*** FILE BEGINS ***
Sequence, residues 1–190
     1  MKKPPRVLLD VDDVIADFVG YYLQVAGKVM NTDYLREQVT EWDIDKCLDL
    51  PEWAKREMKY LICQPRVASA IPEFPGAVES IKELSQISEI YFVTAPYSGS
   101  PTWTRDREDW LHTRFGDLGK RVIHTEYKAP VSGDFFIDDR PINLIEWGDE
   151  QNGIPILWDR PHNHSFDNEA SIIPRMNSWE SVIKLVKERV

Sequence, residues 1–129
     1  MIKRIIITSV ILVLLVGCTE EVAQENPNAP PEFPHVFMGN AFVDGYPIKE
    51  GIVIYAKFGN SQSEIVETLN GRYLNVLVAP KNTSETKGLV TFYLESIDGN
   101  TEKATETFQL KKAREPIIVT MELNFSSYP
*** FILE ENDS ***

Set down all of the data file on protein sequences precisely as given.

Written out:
Sequence, residues 1–190
     1  MKKPPRVLLD VDDVIADFVG YYLQVAGKVM NTDYLREQVT EWDIDKCLDL
    51  PEWAKREMKY LICQPRVASA IPEFPGAVES IKELSQISEI YFVTAPYSGS
   101  PTWTRDREDW LHTRFGDLGK RVIHTEYKAP VSGDFFIDDR PINLIEWGDE
   151  QNGIPILWDR PHNHSFDNEA SIIPRMNSWE SVIKLVKERV

Sequence, residues 1–129
     1  MIKRIIITSV ILVLLVGCTE EVAQENPNAP PEFPHVFMGN AFVDGYPIKE
    51  GIVIYAKFGN SQSEIVETLN GRYLNVLVAP KNTSETKGLV TFYLESIDGN
   101  TEKATETFQL KKAREPIIVT MELNFSSYP